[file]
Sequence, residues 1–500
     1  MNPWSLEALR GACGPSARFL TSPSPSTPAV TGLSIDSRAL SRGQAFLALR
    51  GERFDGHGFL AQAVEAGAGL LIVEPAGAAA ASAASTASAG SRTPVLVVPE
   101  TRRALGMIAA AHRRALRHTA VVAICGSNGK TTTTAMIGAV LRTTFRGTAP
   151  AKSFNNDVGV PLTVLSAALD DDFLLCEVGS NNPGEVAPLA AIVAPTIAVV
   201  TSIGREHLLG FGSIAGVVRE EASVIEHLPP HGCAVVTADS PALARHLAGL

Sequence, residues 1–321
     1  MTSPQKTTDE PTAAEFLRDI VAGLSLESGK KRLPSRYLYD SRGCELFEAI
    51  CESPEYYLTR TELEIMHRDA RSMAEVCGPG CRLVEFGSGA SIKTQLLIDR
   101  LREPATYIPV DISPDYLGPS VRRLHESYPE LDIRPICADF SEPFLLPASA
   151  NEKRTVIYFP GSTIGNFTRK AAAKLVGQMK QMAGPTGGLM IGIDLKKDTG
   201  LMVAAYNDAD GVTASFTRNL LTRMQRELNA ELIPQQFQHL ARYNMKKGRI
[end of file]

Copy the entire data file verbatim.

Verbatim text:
Sequence, residues 1–500
     1  MNPWSLEALR GACGPSARFL TSPSPSTPAV TGLSIDSRAL SRGQAFLALR
    51  GERFDGHGFL AQAVEAGAGL LIVEPAGAAA ASAASTASAG SRTPVLVVPE
   101  TRRALGMIAA AHRRALRHTA VVAICGSNGK TTTTAMIGAV LRTTFRGTAP
   151  AKSFNNDVGV PLTVLSAALD DDFLLCEVGS NNPGEVAPLA AIVAPTIAVV
   201  TSIGREHLLG FGSIAGVVRE EASVIEHLPP HGCAVVTADS PALARHLAGL

Sequence, residues 1–321
     1  MTSPQKTTDE PTAAEFLRDI VAGLSLESGK KRLPSRYLYD SRGCELFEAI
    51  CESPEYYLTR TELEIMHRDA RSMAEVCGPG CRLVEFGSGA SIKTQLLIDR
   101  LREPATYIPV DISPDYLGPS VRRLHESYPE LDIRPICADF SEPFLLPASA
   151  NEKRTVIYFP GSTIGNFTRK AAAKLVGQMK QMAGPTGGLM IGIDLKKDTG
   201  LMVAAYNDAD GVTASFTRNL LTRMQRELNA ELIPQQFQHL ARYNMKKGRI